When you talk about the beautiful scenery of Scotland, many often instantly think of the Scottish Highlands. Renowned for the numerous lochs and glens, all surrounded by wonderful little villages and plenty of wildlife roaming free, there is little doubt that the Scottish Highlands is one of the most beautiful places in the whole of the country.galloway
The problem is, because of its popularity, other parts of Scotland that are just as beautiful (if not more so) are often overlooked – and Dumfries and Galloway is a prime example.
Located in the south of the country, Dumfries and Galloway is one of those parts of Scotland that people haven’t often heard of. Not home to any world-famous landmarks or cities, it’s not a destination that people usually come across when they’re looking to visit from abroad and it’s one that people very often miss when driving up from England.
However, it’s one that could very easily be classed as the Highlands of the south, due to the astounding beauty of the area.
Take the fact that Dumfries and Galloway is home to some of the rarest animals in Scotland, particularly in terms of amphibians. Including the Natterjack toad and Great Crested Newt, there are few places outside of the area where you can see these animals in their natural habitat.
Caring for the wildlife in the area, there are four RSPB Nature Reserves within the 2,481 square miles of Dumfries and Galloway, located in the Mull of Galloway, Galloway Forest Park, Dee Marshes and Mersehead. Each gives you the ability to see some wonderful wildlife in the best conditions possible. The reserves aren’t heavily promoted outside of the area, yet they’re a perfect example of what Dumfries and Galloway has to offer.
For those looking for more historic attractions, there are some fantastic places of interest that will really whet your appetite.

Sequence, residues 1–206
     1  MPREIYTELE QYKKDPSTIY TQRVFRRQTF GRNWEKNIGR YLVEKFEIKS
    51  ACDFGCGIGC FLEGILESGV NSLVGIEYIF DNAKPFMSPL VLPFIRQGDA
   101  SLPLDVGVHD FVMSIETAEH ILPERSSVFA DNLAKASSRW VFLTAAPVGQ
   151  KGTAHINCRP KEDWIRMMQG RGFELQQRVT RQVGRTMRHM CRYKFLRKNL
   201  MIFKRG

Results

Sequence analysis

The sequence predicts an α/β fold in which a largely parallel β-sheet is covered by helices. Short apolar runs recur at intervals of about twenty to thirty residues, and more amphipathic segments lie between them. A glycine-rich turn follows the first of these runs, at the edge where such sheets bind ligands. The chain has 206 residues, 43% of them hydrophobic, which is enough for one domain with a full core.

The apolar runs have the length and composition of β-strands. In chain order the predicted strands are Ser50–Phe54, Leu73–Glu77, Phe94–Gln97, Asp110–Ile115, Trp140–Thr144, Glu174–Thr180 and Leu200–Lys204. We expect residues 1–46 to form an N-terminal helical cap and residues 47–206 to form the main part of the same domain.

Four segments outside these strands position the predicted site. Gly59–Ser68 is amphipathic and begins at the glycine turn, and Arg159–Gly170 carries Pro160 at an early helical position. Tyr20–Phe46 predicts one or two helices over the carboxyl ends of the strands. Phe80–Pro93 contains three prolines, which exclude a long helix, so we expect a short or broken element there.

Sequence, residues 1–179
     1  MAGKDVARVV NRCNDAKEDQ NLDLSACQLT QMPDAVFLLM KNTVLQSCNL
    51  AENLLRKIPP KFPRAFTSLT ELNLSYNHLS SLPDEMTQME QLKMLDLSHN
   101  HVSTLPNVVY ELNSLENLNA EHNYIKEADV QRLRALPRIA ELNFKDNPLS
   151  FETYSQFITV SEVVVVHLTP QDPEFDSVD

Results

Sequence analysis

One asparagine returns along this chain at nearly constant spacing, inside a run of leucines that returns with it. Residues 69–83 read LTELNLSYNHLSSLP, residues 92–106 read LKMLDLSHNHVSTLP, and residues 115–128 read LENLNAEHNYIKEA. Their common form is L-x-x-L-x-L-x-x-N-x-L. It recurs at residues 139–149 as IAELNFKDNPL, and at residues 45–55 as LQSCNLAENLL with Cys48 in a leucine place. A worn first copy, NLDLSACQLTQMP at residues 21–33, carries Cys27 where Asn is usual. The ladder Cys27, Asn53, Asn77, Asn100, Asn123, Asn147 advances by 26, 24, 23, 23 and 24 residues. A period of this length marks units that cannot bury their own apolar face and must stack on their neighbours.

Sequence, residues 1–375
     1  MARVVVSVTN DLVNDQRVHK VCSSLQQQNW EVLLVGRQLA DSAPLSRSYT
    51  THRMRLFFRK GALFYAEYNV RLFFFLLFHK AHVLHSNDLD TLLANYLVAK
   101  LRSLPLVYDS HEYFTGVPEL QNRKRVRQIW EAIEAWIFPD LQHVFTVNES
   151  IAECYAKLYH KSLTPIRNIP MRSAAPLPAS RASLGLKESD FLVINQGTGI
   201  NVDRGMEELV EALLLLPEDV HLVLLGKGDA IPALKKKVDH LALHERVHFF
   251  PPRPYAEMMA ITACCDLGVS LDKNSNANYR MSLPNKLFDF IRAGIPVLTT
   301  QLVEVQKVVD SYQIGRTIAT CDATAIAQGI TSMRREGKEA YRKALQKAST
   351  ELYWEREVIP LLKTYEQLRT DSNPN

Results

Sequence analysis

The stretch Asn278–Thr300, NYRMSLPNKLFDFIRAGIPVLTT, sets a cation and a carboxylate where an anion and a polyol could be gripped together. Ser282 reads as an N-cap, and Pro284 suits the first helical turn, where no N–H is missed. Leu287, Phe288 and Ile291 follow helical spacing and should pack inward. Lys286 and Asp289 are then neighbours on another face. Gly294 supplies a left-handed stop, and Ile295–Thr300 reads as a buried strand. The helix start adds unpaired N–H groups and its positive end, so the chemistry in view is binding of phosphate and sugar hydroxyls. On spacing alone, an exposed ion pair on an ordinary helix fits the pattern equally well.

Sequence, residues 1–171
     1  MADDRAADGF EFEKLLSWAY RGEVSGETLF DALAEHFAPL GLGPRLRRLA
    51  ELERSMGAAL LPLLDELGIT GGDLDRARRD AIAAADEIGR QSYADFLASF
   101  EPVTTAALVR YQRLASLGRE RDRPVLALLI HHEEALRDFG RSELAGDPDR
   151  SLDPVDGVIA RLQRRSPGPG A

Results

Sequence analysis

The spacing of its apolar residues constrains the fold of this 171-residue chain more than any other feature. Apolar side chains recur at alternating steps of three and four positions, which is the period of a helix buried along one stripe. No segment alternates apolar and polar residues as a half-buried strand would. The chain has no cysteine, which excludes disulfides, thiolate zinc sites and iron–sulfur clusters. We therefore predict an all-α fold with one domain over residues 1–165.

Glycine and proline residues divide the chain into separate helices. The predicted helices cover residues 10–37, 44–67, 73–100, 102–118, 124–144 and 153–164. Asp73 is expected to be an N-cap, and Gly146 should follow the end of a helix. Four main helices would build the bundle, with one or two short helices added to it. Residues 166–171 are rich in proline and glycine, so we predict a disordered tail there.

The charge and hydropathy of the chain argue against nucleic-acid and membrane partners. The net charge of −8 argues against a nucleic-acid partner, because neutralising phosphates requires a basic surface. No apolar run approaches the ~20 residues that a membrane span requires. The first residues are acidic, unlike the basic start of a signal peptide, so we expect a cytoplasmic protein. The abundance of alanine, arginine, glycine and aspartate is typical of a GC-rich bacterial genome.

Home to a number of castles, one of the most notable is Drumlanrig Castle, largely because it was built out of pink sandstone, giving it the nickname of the ‘Pink Palace’. Constructed in the late 17th century, the castle is a shining example of the Renaissance style of the time and with 120 rooms, 17 turrets and four towers, alongside its wonderful gardens, it makes for one of the most beautiful castles in the entire country.
Another great sight to behold is Sweetheart Abbey, which was an active monastery from 1275 to 1624. Bestowed this name after its founder, Dervorguilla of Galloway, was buried with her husband’s embalmed heart upon her death, although much of it is in ruin, there is still plenty in place today that showcases some outstanding examples of architecture from the period, particularly with regard to the nave of the abbey and its bell tower.
What’s more, Dumfries and Galloway is packed full of quaint villages that really offer a true Scottish experience and there are also various lochs for you to enjoy (with Loch Ken being the most popular), as well as plenty of glens for you ramble through.
If you’re looking at a trip to Scotland, whether you’ve been before or not, it’s unlikely you’ve considered Dumfries and Galloway (you might not even have heard of it!). A complete and utter shame if you don’t at least give it a bit of time, it might not be as popular as some of its relatives, but it can undoubtedly offer just as fantastic of a Scottish experience as anywhere else in the country.
Looking for self catering in Dumfries & Galloway? Matthew Bettoli writes for Cottages and Castles, the perfect place to source a holiday cottage.